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Toby Keith Means Business
He Talks to CMT Insider About His Own Label, Show Dog Records
Editor's note: CMT Insider Special Edition: Toby Keith premieres Friday (April 7) at 8 p.m. ET/PT.

Toby Keith can now add "label chief" to his long list of accomplishments. Six months following its launch, Show Dog Records will release its first album -- Keith's own White Trash With Money -- on Tuesday (April 11). After being tossed from label to label throughout his extensive career, Keith talks to CMT Insider host Katie Cook about his business philosophy, including audits, choosing the perfect name and not collecting a paycheck.

Cook: We can't really talk about Show Dog without kind of backing up a little bit and understanding your experiences at past labels that led you to this point. Can you tell us anything that you might have learned -- good or bad -- that's going to help you run a label now?

Keith: Oh, spending wise. When you own your own business, you obviously spend a lot wiser. There are big budgets that are given out to big labels, and they find ways to spend them. Because if you go in and get a $10 million budget, and then you only spend $5 million and you're good with your money, then next year they'll say, "Well, hey, we don't need to send you $10 million no more. We just need to send you five." So they make sure that they go through their budget. When you own your own business, you tend to watch each payment with close scrutiny.

A lot of artists don't realize that when they first get signed. When labels spend the big money, artists do pay for it in the end, don't they?

Right, they do. It comes out of your little pocket. We had our contracts reworked to where it cuts all of that out. ... It's a really simple business contract: You sell so many records, you get paid so much. My goal and dream is to have somebody come audit me and go, "He don't owe you jack." I've been auditing people 12 years, and I never did an audit that they didn't owe me a lot of money. It's just the way they account for things. We try to cut all the fat out of that and just make it a regular business.

Do you feel before now you never really got a fair shake in Nashville?

In the end, I had a fair shake. There are a few things that didn't come easy for me. But I wouldn't trade positions with anybody. I really would not. I can't imagine anybody's position that I'd switch out with. I've been very successful at everything I've done. And you get frustrated over some awards or over some recognition here and there, but in the long run, if you look back on it, it doesn't change what you do in your day to day.

Let's talk about the name Show Dog. What's up with the dog theme? You've got the albums Pull My Chain and Unleashed. What's up with this?

My fan club started this right after I won album of the year for How Do You Like Me Now?!. My fan club is called "warriors," but people think that's all related to the 9/11 song. Way before the 9/11 song, I had this fan club and I called them "warriors" on the ACM [Academy of Country Music] program. I had won album of the year for How Do You Like Me Now?!, and I said, "I dedicate this entire project to my warriors out there" ... because they kept me alive. My core audience kept me alive through four record label changes. I was getting knocked around and getting no focus and getting moved from label to label. I was on Mercury, then I was on Polydor, then I was on A&M, then I got back on Mercury, and then I was dropped. Through that whole time, I could go work, I could go do shows. I could do 150 shows a year if I wanted to. I could still have hits songs. And so I called them warriors. Then when I won, I said, "Who kicked the sleeping dog?" And then this "dog" thing set in. And that's what we are. We're show dogs. It says everything I needed to say. It's attitude, and the only thing we take seriously is the music.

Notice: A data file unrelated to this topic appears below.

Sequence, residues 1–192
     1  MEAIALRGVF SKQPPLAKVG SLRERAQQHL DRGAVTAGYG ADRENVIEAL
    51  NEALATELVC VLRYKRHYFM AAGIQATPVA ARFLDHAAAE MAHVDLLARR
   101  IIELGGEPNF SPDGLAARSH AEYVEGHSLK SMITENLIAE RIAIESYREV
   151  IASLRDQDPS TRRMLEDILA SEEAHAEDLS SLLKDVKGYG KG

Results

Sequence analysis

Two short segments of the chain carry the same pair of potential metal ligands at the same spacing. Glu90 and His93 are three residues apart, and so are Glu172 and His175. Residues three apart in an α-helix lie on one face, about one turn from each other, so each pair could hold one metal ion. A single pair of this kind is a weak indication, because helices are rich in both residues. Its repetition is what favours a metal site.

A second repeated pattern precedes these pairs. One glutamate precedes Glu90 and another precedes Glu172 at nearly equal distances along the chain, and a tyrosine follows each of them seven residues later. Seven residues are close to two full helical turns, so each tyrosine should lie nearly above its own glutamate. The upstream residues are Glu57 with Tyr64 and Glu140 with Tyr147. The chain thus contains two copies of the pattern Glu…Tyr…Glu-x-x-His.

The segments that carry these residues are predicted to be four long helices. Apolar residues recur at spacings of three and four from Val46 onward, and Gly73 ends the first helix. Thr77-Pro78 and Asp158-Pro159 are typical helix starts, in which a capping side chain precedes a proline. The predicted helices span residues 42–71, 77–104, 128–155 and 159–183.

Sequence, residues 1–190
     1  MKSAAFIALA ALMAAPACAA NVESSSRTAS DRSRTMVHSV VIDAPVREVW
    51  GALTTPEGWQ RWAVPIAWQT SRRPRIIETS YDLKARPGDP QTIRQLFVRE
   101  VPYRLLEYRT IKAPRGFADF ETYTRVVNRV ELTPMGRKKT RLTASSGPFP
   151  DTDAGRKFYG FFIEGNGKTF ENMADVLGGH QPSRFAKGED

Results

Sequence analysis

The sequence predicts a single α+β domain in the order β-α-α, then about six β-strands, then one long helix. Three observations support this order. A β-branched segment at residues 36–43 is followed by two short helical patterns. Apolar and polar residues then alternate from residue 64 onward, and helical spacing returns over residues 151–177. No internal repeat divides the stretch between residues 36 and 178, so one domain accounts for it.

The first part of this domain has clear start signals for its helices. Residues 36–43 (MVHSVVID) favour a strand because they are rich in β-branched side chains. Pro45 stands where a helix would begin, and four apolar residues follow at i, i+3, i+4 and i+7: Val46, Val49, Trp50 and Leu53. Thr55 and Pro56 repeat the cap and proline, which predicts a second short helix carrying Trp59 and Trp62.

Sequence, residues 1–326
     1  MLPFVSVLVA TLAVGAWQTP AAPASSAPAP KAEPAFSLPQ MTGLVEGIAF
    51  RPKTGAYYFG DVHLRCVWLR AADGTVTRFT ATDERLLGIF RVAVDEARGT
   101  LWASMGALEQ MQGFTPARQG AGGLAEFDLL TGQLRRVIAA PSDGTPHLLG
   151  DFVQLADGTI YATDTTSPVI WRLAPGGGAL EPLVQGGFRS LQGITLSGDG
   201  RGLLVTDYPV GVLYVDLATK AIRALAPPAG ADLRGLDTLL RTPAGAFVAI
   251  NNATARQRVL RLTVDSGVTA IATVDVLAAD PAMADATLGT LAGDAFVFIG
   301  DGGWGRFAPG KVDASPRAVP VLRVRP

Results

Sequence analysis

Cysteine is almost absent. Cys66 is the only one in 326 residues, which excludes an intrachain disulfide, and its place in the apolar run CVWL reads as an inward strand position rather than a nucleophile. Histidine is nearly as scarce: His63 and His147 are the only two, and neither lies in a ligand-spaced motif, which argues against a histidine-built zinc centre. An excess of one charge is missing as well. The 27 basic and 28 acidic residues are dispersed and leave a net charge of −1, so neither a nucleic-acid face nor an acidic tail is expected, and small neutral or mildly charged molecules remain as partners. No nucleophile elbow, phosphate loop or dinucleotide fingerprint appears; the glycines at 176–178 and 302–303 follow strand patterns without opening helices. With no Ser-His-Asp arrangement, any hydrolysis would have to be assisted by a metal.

Is there anything that you have sworn to never do as a label head?

No. You can't say "never." You can never say "never" because each different obstacle has a different set of circumstances. You just have to take each issue. I would never say "never." ... If you and me go open a record label tomorrow, and we try to sign some new acts, and we don't have any other income, then we have to live off of our results. It's going to be hard for us to make it early on. Well, I don't make my money off my record sales. I make my money in lots of other ways. My label has two advantages. I don't need to make my living off of it. I don't have to pay myself a salary to survive. And two is: I don't have to make any money off the other artists. If they have a little tough time getting started, I can invest every penny that they make back into each artist because I'm not bound to making that check off of it.

Do you feel like your peers in the industry on Music Row feel like you're going to succeed in this role?

No, they probably don't, but it doesn't matter what Music Row thinks. It never has. I've got a lot of friends in that town. Just like anybody, you've got a lot of friends and a lot of enemies. There are two sides to every coin, so everybody has their own story. I've got some wonderful friends in that business, and this business has been really, really great to me. It's just that I have some principles I have to stand on, and I think people respect that.
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